Miriam E. Tucker
February 26, 2020
Maternal supplementation with high-dose vitamin D during pregnancy might improve bone health in offspring compared with the standard recommended dose, new research suggests. But some experts express caution about introducing such high doses.
The findings, from a prespecified secondary analysis of the double-blinded, randomized Copenhagen Prospective Studies on Asthma in Childhood, were published online February 24 in JAMA Pediatrics.
Compared to a standard dose of 400 IU/day, maternal supplementation with 2800 IU/day from week 24 of pregnancy through week 1 post partum resulted in overall improved bone mineralization in the offspring through age 6 years.
The strongest effect was seen among mothers who had baseline vitamin D insufficiency and among children born during the winter months, note Nicklas Brustad, MD, of the University of Copenhagen, Denmark, and colleagues.
«There is evidence to suggest the need for higher doses of vitamin D during pregnancy,» coauthor Hans Bisgaard, MD, also of the University of Copenhagen, told Medscape Medical News. «The studies show multiorgan effects, which substantiates that this is not a chance finding; [effects included] reduced risk of early asthmatic symptoms, enamel defects in the teeth reduced by half, and improved bone mineralization.»
In an accompanying editorial, Elisa Holmlund-Suila, MD, PhD, of Children’s Hospital, Pediatric Research Center, University of Helsinki, and colleagues write, «The study by Brustad et al adds to our knowledge on the effects of maternal vitamin D supplementation on bone parameters in children… Still, future studies are needed to define the optimal timing and duration of intervention.»
The editorialists urge caution regarding the safety of high doses. «[P]revious observations of potential disadvantageous effects of high maternal vitamin D on offspring health outcomes are concerning. Thus, before recommending 7-fold supplementation of vitamin D to pregnant women to improve offspring bone health, more research is required. Also, possible long-term adverse effects of high-dose vitamin D supplementation have to be investigated carefully.»
Asked to comment on that, Bisgaard said, «The precautionary principle is important and ‘further studies are needed’ appropriate. Still, waiting for decades for such studies is not without cost. Meanwhile, generations may [miss] the benefits. At some point, decision makers should count the evidence and make an informed choice.»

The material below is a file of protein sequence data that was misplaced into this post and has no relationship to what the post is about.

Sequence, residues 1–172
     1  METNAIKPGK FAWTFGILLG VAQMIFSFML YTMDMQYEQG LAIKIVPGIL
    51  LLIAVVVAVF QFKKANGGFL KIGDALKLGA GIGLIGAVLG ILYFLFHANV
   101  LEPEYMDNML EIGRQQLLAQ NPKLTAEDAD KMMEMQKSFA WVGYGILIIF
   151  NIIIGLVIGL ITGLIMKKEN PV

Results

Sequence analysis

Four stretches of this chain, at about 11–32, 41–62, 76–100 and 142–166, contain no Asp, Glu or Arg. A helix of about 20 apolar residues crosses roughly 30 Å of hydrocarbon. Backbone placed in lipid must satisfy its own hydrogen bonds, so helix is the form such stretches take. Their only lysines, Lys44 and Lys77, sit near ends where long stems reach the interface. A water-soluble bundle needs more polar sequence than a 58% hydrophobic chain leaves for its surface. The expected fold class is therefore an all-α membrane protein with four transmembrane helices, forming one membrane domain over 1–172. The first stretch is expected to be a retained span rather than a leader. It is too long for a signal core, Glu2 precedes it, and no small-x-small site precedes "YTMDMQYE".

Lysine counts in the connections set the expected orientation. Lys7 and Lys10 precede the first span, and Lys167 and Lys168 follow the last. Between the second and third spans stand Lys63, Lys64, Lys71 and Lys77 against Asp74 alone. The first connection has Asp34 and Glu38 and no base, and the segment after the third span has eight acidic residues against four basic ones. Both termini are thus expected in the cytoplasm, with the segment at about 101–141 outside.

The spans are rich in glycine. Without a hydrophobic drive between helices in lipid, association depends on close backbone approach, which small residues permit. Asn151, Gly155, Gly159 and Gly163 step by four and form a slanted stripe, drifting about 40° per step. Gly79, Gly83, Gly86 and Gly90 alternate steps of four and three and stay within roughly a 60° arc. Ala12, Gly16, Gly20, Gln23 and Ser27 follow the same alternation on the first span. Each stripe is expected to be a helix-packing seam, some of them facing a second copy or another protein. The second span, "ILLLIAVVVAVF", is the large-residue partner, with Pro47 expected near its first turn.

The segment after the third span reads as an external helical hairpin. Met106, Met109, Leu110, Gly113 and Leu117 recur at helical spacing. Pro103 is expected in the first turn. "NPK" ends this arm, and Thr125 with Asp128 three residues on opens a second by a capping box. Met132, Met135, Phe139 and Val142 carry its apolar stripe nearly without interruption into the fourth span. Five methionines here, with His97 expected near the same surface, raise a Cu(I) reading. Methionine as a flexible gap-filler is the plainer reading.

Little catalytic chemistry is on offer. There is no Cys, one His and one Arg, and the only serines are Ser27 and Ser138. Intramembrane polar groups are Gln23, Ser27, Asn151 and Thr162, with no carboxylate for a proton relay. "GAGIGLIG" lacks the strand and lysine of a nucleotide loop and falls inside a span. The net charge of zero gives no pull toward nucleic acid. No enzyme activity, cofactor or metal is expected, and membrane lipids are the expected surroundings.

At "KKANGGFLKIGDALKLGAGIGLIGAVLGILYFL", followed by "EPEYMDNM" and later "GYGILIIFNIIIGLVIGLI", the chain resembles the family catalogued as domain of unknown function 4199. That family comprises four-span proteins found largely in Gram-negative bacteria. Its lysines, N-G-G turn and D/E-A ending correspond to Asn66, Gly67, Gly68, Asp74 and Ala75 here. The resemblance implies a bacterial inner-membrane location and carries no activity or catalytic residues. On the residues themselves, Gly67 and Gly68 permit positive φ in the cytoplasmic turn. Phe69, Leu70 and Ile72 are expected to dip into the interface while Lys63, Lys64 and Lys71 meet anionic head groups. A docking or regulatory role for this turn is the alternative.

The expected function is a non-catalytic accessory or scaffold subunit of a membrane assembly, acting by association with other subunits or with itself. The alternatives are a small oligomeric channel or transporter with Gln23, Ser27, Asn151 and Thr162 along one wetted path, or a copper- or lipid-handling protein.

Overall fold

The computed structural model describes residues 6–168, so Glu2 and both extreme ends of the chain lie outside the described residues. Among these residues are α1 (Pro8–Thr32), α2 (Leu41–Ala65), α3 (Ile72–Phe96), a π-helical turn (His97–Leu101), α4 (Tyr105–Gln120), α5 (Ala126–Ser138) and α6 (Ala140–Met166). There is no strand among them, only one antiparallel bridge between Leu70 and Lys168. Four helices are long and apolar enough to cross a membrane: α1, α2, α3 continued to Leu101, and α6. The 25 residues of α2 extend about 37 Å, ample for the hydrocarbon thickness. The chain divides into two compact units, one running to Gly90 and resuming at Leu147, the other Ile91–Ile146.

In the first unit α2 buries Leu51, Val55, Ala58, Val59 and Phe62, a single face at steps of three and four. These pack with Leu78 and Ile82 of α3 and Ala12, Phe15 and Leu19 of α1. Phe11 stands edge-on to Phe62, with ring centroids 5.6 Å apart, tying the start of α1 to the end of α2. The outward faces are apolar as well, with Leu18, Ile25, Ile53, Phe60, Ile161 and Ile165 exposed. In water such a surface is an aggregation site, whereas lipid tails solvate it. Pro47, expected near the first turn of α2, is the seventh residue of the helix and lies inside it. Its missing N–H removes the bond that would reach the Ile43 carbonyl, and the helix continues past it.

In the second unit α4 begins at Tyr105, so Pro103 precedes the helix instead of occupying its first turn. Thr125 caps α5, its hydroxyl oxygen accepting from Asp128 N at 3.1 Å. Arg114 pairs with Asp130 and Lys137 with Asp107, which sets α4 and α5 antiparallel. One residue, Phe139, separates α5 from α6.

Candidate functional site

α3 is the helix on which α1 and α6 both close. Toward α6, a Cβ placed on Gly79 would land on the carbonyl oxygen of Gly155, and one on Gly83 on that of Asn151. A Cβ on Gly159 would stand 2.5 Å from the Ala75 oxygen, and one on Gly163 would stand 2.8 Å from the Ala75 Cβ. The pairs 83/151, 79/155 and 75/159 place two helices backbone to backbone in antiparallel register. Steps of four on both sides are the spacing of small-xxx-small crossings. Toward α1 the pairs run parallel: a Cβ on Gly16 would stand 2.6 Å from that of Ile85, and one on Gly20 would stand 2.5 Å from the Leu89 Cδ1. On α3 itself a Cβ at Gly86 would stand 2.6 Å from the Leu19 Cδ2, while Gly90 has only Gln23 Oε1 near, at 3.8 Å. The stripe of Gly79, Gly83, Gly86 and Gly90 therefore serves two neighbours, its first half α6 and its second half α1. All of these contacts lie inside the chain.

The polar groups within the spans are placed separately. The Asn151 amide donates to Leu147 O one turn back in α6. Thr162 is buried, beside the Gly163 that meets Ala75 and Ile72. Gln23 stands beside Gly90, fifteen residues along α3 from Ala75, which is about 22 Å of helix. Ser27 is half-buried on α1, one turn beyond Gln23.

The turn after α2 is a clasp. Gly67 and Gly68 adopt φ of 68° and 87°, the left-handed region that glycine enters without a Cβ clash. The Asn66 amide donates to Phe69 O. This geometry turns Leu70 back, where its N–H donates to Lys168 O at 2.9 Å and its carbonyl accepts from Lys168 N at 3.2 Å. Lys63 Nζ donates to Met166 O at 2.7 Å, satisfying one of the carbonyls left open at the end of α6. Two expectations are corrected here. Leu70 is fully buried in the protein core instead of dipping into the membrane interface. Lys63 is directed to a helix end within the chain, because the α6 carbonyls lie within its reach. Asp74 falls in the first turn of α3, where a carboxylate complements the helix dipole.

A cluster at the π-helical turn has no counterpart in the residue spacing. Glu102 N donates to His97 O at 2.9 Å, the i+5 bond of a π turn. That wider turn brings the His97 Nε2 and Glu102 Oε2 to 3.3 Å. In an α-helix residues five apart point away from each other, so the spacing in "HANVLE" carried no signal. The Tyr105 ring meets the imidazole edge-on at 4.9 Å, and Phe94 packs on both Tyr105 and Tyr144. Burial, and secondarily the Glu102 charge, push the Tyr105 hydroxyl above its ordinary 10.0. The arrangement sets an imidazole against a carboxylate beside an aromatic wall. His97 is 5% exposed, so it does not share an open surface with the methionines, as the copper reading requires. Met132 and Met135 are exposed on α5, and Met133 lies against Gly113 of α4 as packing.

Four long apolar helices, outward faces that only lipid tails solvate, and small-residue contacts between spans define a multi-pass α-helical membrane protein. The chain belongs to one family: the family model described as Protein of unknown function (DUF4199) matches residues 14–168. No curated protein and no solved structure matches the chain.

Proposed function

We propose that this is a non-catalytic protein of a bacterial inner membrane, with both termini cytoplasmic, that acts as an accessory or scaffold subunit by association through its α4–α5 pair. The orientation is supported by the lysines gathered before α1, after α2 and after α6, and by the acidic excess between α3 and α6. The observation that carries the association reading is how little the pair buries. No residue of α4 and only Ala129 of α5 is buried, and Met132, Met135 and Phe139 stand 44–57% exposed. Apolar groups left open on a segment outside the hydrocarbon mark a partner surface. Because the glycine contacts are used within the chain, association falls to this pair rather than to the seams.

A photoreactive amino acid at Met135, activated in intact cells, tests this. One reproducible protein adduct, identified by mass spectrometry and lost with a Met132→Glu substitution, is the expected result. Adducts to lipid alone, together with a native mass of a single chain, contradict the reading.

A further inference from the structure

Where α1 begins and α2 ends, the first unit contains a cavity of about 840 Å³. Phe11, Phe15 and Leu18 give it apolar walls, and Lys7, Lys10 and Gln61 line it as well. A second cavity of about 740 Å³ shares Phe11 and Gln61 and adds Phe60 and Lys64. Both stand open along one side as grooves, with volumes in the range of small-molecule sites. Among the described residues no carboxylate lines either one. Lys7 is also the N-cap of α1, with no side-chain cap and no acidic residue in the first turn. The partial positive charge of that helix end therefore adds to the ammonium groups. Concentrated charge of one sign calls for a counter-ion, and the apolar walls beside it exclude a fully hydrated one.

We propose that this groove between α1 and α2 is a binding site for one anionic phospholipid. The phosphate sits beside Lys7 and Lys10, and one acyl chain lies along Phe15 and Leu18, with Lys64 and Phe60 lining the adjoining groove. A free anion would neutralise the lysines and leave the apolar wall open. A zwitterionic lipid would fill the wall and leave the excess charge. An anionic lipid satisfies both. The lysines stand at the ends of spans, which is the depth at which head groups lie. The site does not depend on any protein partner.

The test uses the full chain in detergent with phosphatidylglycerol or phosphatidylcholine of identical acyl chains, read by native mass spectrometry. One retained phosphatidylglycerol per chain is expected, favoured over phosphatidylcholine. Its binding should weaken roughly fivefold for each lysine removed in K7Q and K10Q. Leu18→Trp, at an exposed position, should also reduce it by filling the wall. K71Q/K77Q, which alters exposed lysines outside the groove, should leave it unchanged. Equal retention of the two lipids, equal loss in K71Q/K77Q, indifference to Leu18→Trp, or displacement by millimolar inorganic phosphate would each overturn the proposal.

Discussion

Upping the Dose Has Significant Impact
The current analysis was part of a larger prospective randomized trial to study the effect of high-dose vitamin D supplementation on persistent wheezing in offspring through the first 3 years of life. The study sample included 623 pregnant women and their 584 children. The mothers were randomly assigned to receive either 2800 IU or 400 IU daily from week 24 of pregnancy through week 1 after birth.
Longitudinal anthropometry assessments were conducted with dual-energy radiography absorptiometry scans at age 3 years and 6 years.
There were no significant differences between the two treatment groups in gestational age; size for gestational age; prevalence of being small for gestational age; birth weight; or birth length. By 6 years, there were no differences in body mass index, height, weight, head circumference, or thorax circumference.
At age 3 years, 244 of the children underwent technically approved DXA scanning. Those in the high-dose vitamin D group had significantly higher bone mineral content for total body, not including the head (mean, 293.8 g vs 288.8 g; P = .05) and total body bone mineral content (526.2 g vs 513.5 g; P = .04).
The greatest difference was among children born to mothers with insufficient (<30 ng/mL) vs sufficient (≥30 ng/mL) levels of 25(OH)D levels at baseline (537.5 g vs 513.6 g; P = .03).
At age 6 years, among the 383 children who had undergone DXA scanning, those in the high-dose vitamin D group had significantly higher total body (not including the head) bone mineral content (adjusted mean difference [aMD], 7.8 g; P = .03), head bone mineral density (aMD, 0.033 g/cm2; P = .01), head bone mineral content (aMD, 6.1 g; P = .03), total bone mineral density (aMD, 0.009 g/cm2; P = .04), and total bone mineral content (aMD, 13.9 g; P = .01).
Again, the effect was greatest among children born to mothers with insufficient baseline 25(OH)D levels (total bone mineral content, 834.0 g vs 817.3 g; P = .02) and total bone mineral density (aMD, 0.0125 g/cm2; P = .04).
Birth during winter (December–February) was associated with the greatest effect on head bone mineral content. When stratified by baseline 25(OH)D level, there was a significant effect of high-dose supplementation on head bone mineral content and total bone mineral content for birth during the period November 8 to May 7 but not during the period May 8 to November 7.
There were a total of 59 fractures among the 584 children, 23 born to mothers in the high-dose group and 36 born to mothers in the standard-dose group, which was not a statistically significant difference. Fracture rates did not differ by maternal baseline 25(OH)D levels.
Holmlund-Suila and colleagues note several caveats to the study, including low numbers of children for whom high-quality scans were avilable and lack of accounting for the children’s dietary vitamin D intake, especially after the study was unblinded at 3 years.
«Prenatal and early-life intervention is a tempting tool to examine programming and probable epigenetic effects,» they write. «Here, the intervention was timed from the late second trimester onwards. One could speculate that intervention at an earlier stage of fetal development could result in different outcomes. Thus, optimal timing for vitamin D intervention needs to be explored in future studies.»
Neither the study authors nor the editorial writers have disclosed any relevant financial relationships.